A plasma The wind tunnel completely vaporizes a satellite model in a video from the European Space Agency (ESA), demonstrating how the speed and heat of atmospheric reentry can wipe out even the largest parts of space satellites.
This total destruction is a good thing.
Here’s why: Fast-moving space debris is entering EarthThe atmosphere of could pose a serious danger if this space debris survives the stress of re-entry. By testing satellite heat thresholds, engineers can design spacecraft that are tough enough to do their job, but that will also burn safely in the atmosphere when they drop to Earth, ESA officials say. said in a press release.
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Once a satellite’s mission is complete, its operators can remove the object from orbit by using its control system to lower the satellite’s perigee, or the closest orbital point to Earth, into what is calls for a controlled re-entry. When the perigee is low enough, gravity then takes over and pulls the spacecraft down, according to ESA. This method causes the satellite to re-enter the atmosphere at a steep angle, ensuring that debris will then hit a relatively small area. Satellite operators typically target the open ocean, to minimize risk to people, according to ESA.
By comparison, uncontrolled re-entry does not send the satellite to a designated landing zone. But for an operator to send a satellite to collapse into Earth’s atmosphere in an uncontrolled descent, federal satellite regulatory agencies require proof that the risk of impact injury is less than 1 in 10,000, according to ESA.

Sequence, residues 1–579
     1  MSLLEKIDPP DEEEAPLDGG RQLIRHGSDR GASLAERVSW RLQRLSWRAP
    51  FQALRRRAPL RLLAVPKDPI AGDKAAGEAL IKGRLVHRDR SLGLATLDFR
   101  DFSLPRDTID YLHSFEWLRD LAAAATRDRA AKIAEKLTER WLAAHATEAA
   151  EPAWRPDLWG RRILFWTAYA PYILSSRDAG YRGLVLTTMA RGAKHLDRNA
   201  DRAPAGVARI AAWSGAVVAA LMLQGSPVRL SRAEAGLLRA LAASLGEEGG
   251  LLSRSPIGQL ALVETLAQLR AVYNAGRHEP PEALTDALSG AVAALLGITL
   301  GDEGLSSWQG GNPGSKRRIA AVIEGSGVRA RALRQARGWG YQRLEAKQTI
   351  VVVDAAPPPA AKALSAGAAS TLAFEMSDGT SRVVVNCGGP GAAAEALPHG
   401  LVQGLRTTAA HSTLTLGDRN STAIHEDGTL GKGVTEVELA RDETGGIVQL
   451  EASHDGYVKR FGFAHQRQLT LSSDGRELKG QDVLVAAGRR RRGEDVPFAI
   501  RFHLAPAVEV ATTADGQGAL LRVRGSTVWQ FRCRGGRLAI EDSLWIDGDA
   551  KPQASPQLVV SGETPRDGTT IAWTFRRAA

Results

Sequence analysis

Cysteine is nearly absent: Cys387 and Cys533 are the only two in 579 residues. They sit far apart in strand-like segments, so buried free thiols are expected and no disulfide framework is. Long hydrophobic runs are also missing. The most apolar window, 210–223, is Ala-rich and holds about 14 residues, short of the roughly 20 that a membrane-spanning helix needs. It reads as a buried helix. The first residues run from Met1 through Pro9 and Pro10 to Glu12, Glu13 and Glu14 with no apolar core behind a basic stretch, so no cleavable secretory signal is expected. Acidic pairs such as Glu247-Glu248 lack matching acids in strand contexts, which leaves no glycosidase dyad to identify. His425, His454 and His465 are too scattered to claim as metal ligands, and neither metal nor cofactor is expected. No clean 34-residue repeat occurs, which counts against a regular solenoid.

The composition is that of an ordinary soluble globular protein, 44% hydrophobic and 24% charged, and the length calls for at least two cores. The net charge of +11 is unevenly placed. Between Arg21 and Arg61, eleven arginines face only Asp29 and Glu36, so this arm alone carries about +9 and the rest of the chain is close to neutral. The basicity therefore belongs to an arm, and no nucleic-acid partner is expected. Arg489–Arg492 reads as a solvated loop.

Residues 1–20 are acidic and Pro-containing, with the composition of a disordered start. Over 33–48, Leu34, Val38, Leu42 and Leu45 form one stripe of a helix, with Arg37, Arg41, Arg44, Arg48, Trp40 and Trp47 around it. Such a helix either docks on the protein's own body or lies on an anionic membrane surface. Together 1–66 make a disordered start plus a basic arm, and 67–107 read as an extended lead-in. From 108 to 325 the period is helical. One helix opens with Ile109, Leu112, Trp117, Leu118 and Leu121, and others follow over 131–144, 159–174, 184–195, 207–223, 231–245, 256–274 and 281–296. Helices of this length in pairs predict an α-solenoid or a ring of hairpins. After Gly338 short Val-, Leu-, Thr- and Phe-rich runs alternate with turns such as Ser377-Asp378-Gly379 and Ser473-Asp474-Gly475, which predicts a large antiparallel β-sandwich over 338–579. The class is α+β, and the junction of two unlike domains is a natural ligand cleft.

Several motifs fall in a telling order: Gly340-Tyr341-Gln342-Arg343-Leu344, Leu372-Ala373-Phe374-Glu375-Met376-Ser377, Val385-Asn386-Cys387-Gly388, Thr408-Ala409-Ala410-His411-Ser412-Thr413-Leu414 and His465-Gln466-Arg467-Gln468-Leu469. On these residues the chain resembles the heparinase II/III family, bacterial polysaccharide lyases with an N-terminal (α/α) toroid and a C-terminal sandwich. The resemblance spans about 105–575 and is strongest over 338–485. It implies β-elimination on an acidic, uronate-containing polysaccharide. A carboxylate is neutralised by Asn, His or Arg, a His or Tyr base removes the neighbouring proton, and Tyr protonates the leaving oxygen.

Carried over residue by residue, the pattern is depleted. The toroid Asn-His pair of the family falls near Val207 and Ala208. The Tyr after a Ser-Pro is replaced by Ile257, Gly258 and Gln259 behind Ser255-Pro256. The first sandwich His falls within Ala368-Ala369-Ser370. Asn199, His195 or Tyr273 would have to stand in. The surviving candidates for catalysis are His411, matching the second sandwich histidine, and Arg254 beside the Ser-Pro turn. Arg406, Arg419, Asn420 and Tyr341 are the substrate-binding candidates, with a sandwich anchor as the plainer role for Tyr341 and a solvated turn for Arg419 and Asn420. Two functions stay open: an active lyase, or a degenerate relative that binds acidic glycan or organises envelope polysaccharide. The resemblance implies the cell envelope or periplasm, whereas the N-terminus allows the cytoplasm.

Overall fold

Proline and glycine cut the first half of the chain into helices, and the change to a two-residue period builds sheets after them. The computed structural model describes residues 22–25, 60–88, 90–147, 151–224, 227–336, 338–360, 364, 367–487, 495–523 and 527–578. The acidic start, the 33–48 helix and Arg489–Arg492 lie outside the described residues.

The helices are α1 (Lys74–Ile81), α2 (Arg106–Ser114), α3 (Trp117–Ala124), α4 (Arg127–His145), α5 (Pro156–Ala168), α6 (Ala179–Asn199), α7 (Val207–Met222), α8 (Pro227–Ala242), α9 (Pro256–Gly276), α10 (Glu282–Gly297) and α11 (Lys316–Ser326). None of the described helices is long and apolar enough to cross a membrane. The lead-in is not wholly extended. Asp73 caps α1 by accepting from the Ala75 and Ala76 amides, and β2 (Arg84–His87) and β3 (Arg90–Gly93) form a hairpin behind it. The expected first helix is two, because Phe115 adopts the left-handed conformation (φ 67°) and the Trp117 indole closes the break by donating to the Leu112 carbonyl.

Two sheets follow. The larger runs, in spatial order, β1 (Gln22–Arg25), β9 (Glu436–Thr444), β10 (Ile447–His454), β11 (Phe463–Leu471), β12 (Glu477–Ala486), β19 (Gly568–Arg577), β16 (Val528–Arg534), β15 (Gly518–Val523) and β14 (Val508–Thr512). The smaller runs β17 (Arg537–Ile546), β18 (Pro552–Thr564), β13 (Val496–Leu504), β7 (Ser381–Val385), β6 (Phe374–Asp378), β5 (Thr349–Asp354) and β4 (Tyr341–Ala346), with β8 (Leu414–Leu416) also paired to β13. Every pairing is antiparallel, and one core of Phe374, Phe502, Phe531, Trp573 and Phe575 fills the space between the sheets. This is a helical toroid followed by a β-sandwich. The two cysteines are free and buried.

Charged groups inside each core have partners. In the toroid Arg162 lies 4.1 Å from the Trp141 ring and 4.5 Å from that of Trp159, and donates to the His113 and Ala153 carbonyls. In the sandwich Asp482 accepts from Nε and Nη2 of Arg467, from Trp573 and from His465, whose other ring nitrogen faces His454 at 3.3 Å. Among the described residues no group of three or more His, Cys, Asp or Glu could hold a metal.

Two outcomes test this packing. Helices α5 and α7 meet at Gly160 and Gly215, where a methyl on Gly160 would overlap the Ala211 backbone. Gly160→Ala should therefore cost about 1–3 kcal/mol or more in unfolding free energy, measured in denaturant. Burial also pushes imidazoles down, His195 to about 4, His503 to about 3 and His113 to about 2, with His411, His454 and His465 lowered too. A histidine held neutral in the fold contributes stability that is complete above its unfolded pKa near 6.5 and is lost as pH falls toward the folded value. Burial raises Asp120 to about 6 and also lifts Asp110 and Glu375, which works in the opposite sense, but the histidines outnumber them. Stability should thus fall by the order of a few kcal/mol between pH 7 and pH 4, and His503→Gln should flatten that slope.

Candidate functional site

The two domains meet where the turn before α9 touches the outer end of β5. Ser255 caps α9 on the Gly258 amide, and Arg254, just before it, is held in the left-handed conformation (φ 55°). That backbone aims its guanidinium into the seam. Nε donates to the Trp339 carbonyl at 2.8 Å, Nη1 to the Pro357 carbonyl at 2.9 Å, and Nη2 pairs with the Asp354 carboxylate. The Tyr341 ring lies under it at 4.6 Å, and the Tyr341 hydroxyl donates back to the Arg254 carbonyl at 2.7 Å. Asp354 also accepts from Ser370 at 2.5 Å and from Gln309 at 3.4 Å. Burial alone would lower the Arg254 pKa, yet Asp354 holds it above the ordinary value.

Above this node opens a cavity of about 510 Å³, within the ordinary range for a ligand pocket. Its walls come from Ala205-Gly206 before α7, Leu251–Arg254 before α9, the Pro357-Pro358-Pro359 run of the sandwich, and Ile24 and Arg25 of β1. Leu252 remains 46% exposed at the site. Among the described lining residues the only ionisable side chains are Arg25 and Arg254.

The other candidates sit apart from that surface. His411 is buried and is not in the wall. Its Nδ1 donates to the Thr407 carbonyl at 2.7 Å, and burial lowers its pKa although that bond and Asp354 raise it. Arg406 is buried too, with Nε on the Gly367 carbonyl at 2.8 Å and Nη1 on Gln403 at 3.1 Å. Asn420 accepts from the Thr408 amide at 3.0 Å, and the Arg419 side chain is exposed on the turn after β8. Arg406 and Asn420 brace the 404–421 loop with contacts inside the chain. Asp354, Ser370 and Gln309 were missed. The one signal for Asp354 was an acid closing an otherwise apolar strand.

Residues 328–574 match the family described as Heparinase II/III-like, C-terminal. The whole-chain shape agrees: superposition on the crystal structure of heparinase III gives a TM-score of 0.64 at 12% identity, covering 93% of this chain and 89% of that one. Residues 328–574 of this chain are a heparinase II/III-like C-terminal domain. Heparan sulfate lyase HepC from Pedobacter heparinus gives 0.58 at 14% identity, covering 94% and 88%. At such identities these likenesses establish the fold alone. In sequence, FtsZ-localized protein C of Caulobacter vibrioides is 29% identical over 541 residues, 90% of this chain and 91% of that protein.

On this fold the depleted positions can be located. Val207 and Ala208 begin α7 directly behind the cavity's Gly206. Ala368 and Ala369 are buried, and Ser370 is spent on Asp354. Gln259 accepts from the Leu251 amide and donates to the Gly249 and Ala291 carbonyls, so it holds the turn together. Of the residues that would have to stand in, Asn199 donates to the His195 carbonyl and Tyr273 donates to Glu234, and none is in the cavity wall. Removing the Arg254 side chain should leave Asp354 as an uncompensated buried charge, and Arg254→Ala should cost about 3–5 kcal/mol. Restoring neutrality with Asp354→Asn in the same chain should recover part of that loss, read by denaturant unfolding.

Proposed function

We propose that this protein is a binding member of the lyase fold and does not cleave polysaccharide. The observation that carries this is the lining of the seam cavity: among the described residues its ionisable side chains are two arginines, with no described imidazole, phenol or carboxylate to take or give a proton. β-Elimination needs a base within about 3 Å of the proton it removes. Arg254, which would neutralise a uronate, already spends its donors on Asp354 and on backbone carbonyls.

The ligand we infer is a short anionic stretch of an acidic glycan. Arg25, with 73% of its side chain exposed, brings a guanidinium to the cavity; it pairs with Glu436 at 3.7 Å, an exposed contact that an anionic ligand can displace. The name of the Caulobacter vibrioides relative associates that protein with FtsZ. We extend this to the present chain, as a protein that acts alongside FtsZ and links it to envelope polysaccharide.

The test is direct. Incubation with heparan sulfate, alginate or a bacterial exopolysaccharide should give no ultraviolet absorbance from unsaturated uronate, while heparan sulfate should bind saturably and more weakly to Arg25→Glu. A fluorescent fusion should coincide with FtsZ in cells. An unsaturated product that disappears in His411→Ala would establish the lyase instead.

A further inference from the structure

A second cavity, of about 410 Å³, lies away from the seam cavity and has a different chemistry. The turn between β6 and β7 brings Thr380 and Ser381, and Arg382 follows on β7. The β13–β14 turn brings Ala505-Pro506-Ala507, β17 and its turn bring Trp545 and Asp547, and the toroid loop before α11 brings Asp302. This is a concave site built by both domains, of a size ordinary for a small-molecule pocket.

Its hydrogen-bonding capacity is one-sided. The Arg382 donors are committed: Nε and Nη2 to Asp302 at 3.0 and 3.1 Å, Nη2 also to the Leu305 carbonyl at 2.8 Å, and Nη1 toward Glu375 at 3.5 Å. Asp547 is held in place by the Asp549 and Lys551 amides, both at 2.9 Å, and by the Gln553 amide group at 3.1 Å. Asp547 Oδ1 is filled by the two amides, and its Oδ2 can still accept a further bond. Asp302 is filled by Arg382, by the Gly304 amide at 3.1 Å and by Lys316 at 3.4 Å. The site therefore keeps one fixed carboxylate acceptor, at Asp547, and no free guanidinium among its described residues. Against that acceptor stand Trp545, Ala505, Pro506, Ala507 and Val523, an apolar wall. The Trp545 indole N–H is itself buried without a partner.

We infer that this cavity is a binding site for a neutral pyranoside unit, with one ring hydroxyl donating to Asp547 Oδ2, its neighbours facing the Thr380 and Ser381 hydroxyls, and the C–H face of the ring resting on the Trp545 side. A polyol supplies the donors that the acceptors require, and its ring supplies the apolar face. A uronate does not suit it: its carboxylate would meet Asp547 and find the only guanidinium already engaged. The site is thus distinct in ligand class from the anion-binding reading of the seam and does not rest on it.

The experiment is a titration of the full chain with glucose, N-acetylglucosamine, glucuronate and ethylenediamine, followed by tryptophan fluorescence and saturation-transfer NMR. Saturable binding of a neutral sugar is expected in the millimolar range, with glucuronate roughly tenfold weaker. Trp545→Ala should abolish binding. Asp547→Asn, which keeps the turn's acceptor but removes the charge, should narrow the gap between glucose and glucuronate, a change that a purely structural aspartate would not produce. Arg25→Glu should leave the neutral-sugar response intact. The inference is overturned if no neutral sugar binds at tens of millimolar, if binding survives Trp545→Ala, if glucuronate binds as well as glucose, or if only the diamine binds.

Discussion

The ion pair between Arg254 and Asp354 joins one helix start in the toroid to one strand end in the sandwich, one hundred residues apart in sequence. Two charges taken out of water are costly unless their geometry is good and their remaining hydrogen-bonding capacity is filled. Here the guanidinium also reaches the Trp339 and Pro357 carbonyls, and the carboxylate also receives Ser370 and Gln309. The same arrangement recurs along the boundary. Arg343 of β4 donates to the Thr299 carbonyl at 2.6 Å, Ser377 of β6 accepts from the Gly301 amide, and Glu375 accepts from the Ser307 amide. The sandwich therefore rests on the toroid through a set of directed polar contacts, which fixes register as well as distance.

To achieve this degree of certainty, engineers must show that all parts of the falling satellite will burn before approaching the ground – as shown by the satellite’s melting in images filmed inside an air chamber. test belonging to the German Aerospace Center. (DLR), in Cologne, Germany. Scientists there simulated reentry conditions using gas heated by an electric arc to temperatures over 12,000 degrees Fahrenheit (6,700 degrees Celsius), according to the DLR Institute of Aerodynamics and Flow Technology.
In the ESA video, a solar panel drive mechanism (SADM) – the part of a satellite that directs the position of its solar panels and one of the larger parts of a typical satellite – enters in the plasma wind chamber. Experiments to make SADM more vulnerable to atmospheric destruction began a year earlier. In the first step, the researchers built software models of the SADM that tested the melting point of a new type of aluminum screw.
Scientists then built a 3D physical model of SADM using the new aluminum screws, testing it inside the plasma chamber. The model encountered wind speeds of thousands of miles per hour, reproducing conditions comparable to atmospheric reentry, and the result was vaporized SADM – just as the software models predicted, representatives from the ESA.
Satellite fusion experiments like this are also part of an ESA program called CleanSat, in which the agency studies and tests new technologies so that future low-orbit satellite designs will follow a sinister concept: “D4D”, or “Design for Demise,” according to ESA.
Originally posted on Live Science.